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-   -   Batteries for cold weather (https://forums.steves-digicams.com/batteries-power-packs-50/batteries-cold-weather-71475/)

s96024 Nov 8, 2005 3:19 PM

Hi was just wondering whether anyone has any recommendations for conventional AAA batteries that work well in cold weather. Temperatures around 0 degreesC and lower:cool:. I am going skiing in january and need something that will work. I have researched this a bit and have been told it all depends on the level of different solvents.

Low quantitys of EC

[align=left]Large quantity of low viscosity, low freezing point and high conductivity solvents like EMC, DMC, EA.[/align]
[align=left]As these types of batteries dont say whether they work low temperatures or not on the packaging, or atleast i have never seen batteries saying they work well in cold conditions or not.I don't know how to decide. If anyone has had any experience using different brands in cold conditions their advice would be appreciated or any expert advice on this subject and/or where i can purchase batteries. The last time i went away the batteries i used just didnt work, brand new batteries just wouldn't turn camera on.[/align]
[align=left]On a similiar note i will also be taking my sanyo xacti c5 and wondered how that would fair in the same conditions.[/align]
[align=left]SANYO[/align]
[align=left]lithium ion battery pack (DB-L20)[/align]
[align=left]3.7V 720mAh.[/align]

propwash Nov 10, 2005 12:03 AM

Alkaline batteries freeze somewhere around -4F (-20C), so if you're going to be somewhere between freezing and -20C, you should be OK. However, even if they are not frozen, their output will be somehwat diminished. Keeping your camera or other electronic device in a pocket next to your body will help the batteries stay warmer.

A good alternative for you would be to get some lithium AAA's. I have a wireless outdoor temperature transmitter. The manual that came with it says that it is only good to the aforementioned -4F/-20C point with alkalines. However, with lithium batteries in it, the manual claims it will work down to below -50. I can't vouch for that, but I know I have had no problems with the lithiums when the temperature was down to -22F/-30C. As a matter of fact, the indoor base unit is telling me now that its bateries need to be replaced. The lithiums in the outdoor transmitter, however, are still going strong after more than two years of use. Much better than I could expect from alkalines.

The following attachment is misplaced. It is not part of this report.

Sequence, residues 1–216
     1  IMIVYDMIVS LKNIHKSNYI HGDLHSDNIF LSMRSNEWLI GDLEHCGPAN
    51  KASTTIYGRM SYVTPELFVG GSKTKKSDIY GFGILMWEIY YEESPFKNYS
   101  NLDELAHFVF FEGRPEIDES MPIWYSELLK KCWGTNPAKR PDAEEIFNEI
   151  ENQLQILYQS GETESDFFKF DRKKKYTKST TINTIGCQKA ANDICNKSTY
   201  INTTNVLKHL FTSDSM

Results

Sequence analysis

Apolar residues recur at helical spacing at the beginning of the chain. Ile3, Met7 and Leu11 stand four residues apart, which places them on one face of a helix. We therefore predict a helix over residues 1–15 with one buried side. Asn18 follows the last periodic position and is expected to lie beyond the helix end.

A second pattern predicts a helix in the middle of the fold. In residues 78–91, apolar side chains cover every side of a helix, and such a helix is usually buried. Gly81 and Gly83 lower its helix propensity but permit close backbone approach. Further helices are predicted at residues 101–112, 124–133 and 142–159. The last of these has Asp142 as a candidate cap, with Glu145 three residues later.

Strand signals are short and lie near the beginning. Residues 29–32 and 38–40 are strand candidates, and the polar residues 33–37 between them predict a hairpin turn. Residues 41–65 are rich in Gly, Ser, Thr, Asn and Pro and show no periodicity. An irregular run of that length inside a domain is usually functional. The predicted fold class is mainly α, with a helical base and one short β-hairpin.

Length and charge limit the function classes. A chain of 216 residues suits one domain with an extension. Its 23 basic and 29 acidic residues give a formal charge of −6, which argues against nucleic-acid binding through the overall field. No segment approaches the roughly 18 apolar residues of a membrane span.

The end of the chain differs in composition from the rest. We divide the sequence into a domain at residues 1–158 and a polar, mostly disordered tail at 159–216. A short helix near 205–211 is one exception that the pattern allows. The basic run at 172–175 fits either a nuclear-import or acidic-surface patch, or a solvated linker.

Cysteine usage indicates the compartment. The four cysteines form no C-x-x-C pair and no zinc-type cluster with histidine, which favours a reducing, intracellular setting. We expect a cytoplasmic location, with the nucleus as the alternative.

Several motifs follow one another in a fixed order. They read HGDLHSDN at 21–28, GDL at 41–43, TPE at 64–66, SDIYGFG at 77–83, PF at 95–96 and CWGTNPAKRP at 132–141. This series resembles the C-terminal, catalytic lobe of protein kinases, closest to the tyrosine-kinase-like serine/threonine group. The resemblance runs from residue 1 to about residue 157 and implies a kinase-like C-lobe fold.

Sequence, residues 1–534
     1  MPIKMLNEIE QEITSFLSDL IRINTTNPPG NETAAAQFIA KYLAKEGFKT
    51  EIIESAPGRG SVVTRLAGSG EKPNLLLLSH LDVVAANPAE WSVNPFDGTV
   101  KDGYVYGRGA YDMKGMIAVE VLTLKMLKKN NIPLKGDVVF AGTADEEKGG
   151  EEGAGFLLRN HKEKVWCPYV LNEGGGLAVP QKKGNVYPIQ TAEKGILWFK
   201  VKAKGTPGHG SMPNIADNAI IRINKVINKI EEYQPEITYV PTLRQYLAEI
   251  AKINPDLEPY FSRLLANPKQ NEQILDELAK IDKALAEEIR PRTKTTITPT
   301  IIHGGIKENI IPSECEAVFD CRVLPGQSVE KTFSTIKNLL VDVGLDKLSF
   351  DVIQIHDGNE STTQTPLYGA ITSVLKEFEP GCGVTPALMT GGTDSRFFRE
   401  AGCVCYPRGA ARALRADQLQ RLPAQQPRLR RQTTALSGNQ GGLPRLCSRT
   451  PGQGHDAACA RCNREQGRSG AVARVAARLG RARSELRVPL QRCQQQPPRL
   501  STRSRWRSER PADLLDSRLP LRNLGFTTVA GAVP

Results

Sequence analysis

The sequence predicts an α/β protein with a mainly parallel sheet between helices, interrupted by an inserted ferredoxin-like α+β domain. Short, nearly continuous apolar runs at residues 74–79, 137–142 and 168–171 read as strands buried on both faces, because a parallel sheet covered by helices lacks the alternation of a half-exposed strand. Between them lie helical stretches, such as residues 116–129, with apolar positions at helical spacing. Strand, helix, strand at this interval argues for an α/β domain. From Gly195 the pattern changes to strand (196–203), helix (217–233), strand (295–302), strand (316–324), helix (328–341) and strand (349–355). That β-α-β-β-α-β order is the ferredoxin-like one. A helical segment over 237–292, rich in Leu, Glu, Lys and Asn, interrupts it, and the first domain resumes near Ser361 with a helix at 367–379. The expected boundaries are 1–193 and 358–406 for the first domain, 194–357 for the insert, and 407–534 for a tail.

BillDrew Nov 10, 2005 4:46 AM

Agree, the disposable lithium batteries are the way to go in cold weather.

altis Nov 10, 2005 8:28 AM

http://www.energizer.com/products/lithium/default.aspx

SilverFoxCPF Nov 10, 2005 11:10 AM

Hello S96024,

I agree that the Energizer Lithium AAA cells are the way to go for cold weather use.

Your Li-Ion battery will suffer at first until the chemistry warms up, then it should be OK. You can expect a 40-60% decrease in capacity when working in cold temperatures.

Remember, chemicals are more active in warmer temperatures, so anything you can do to keep your batteries warmer will pay off in improved performance.

Tom

s96024 Nov 10, 2005 12:15 PM

Cheers, loads of help. Think it will only be -5 to -10 degrees C. Think i will try the energizer lithiums. Was really dissapointed last time i took a camera and it just wouldn't work, missed out on loads of shots. (Granted was cheap camera/cheap batteries). Didn't think about the cold. Hoping i will be able to catch some good footage with the c5 on the slopes.


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